Tonight Will Be Fine

Up late last night, as I listened to ‘You want it darker’ I thought of the simple beauty of the melodies and kindness of his voice.

I fell asleep with ‘Steer Your Way’ playing in my mind, and it was the first thing I woke to this morning before I read the news.

A good friend gave me a copy of ‘Best of’ when we were teenagers, over twenty years ago. After Dylan, there wasn’t anyone we listened to more.

I remember the first time I heard his later recordings, and couldn’t believe how his voice had changed. A voice now so iconic.

As I explored his back catalog over those two decades, I focused more on the poetry behind the music.

Often an insight, often an inspiration, and more often than not a comfort and a friend.

He was perhaps the one person who could bring spirituality to those who had lost, or never had. Delivered to us to use as we needed.

I had the great fortune of seeing him on his first return tour, at Radio City Music Hall in New York.

It was an opportunity I never expected and remains one of the highlights of my life.

Rest In Peace Leonard Cohen.

Designing with contrast

When an appetite for aesthetics over usability becomes the bellwether of user interface design, it’s time to reconsider who we’re designing for.

Over the last few years, we have questioned the signifiers that gave obvious meaning to the function of interface elements. Strong textures, deep shadows, gradients — imitations of physical objects — were discarded. And many, rightfully so. Our audiences are now more comfortable with an experience that feels native to the technology, so we should respond in kind.

Yet not all of the changes have benefitted users. Our efforts to simplify brought with them a trend of ultra-minimalism where aesthetics have taken priority over legibility, accessibility and discoverability. The trend shows no sign of losing popularity — and it is harming our experience of digital content.

I’ve written about design and accessibility, published on 24 ways.
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All change ahead

The train journey to the Home Office in Croydon lasted longer than the sum total of my registration, biometric recording and application review. As “116” flashed on the screen, I was certain the case worker required more supporting evidence or intended to raise an issue. I stood dumbfounded as they handed me an approval letter. Gathering evidence and preparing the form for application spanned two months.

The in-person application process was authoritative but reasonable and efficient. A token reward for years of the UK Border Agency’s indifference, incompetence and peddling of shoddy technology; grossly overspent solutions handed to them by monolithic consultancies.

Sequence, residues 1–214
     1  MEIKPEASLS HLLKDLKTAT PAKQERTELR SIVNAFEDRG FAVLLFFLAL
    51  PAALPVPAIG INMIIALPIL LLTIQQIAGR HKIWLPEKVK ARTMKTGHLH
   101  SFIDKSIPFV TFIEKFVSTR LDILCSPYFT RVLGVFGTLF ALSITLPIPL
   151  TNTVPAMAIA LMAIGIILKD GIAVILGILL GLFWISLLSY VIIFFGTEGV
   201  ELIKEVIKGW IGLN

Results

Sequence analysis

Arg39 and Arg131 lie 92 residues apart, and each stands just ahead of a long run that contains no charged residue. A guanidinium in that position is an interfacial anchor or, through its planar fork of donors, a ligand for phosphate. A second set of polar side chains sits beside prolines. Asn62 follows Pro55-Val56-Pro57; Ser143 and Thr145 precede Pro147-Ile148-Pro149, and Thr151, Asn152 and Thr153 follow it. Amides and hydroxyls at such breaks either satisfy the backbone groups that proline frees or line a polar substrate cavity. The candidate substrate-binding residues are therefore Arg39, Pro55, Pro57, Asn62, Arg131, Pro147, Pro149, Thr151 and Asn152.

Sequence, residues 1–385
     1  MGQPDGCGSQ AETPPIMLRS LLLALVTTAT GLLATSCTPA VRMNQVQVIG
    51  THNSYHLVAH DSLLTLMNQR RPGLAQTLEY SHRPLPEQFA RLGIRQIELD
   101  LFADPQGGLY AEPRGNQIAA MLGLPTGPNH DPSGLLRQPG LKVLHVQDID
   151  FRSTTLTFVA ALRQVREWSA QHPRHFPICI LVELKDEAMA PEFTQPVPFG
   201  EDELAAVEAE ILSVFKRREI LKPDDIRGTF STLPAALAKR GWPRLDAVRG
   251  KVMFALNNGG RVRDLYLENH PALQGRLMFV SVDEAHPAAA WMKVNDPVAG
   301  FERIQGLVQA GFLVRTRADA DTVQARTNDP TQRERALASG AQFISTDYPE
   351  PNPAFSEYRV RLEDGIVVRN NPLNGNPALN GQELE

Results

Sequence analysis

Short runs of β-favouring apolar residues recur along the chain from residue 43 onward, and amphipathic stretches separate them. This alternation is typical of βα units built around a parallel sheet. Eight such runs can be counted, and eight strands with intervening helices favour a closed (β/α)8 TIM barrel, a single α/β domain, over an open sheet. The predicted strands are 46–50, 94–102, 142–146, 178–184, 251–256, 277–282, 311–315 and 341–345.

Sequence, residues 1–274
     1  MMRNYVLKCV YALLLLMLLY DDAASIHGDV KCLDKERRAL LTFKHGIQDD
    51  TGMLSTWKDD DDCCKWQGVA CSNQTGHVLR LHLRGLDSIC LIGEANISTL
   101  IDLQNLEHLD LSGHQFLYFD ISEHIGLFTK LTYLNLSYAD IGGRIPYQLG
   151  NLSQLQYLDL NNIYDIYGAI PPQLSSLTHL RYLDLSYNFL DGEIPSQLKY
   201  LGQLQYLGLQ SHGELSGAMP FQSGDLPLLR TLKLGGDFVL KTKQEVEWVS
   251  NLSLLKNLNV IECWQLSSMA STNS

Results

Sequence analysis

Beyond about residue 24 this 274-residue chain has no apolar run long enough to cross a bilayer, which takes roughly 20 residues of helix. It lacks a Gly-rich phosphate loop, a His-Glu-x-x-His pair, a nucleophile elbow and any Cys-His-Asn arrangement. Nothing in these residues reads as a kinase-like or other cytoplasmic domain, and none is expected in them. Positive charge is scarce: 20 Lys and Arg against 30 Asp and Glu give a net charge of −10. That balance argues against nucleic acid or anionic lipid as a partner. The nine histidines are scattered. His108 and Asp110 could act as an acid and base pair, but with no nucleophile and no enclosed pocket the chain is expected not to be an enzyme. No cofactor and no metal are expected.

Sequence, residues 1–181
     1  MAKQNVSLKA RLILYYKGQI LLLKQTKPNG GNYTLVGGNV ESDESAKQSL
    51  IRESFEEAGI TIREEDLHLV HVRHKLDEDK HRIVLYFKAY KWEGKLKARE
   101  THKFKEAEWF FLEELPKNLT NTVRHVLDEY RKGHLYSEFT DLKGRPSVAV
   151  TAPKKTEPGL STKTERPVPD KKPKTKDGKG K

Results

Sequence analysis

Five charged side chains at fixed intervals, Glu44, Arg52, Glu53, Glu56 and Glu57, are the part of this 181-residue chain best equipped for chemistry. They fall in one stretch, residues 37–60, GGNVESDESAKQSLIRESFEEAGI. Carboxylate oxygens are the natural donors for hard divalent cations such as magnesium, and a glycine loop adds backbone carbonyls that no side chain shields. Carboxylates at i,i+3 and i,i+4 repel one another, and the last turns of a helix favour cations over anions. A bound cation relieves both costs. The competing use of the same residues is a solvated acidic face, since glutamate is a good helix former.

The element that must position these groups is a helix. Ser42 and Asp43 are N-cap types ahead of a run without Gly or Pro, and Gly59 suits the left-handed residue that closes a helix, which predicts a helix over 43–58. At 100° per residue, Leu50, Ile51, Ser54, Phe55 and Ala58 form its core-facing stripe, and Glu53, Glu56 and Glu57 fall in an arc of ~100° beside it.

For the UK Border Agency’s many faults, recent government reforms are producing slow but tangible results. Unfortunately, the UK Border Agency — now UK Visas & Immigration — is only the ends to a draconian, anti-growth immigration policy pioneered by Conservatives in government.

The reforms are little consolidation to the individuals and families whose lives the government’s heavy-handed crackdown on immigration put into upheaval. It’s one less lash for those of us still here.


The long-term implications of settlement — or “permanent residence”, “indefinite leave to remain”, call it what you like — aren’t immediately obvious or pertinent. I am now eligible for public funds (e.g. unemployment benefits) and I can practice as a sportsperson or doctor. Neither terribly appealing.

There is a bigger realization still coming into focus. Separation of oil from vinegar, a layer still unsettled from the mixing process. Relief that in two or three years there is not another visa renewal. Nor the anxiety of rejection, or the months of evidence gathering: providing excuses for every absence from the country, collecting a year of bank statements and pay slips, writing letters, studying for patriotic exams. I will not plan to stay — and plan to leave. Relief that the small hole of doubt in the bone marrow at the base of my neck, eager to heal but kept open by the vitriolic pandering of politicians, will begin to close.

The restrictions around work seemed reasonable at first, and in many ways prevented impulsive decision-making. In the design and tech industry, stability and long-term employment are little prized. To the extent that individuals move from organisation to startup to self-employment and back again is startling in comparison to traditional service and manufacturing industries. We love the intangibility and serendipity of it. By discouraging risk, my visa limitations kept a firm hand on my shoulder.

A grant of leave served as a ticking clock. I made some decisions mindful of this, some decisions regardless, and a few were doubtlessly made with it as a crutch.

Yet, as my life became rooted to London the deadlines simply became tedious.


When years in your life are judged by comparing the scale of variation to those prior, a stable and otherwise enjoyable year risks becoming stagnant when it is anything short of a sea change. At the end of two-thousand-twelve, I wrote:

What of next year? I intend to stay in the same job, the same flat and the same city. A year of potential firm footing? I am not naive enough to believe these things are not prone to upheaval. If, however, I keep to the ground a bit perhaps smaller, more interesting treasures are to be found.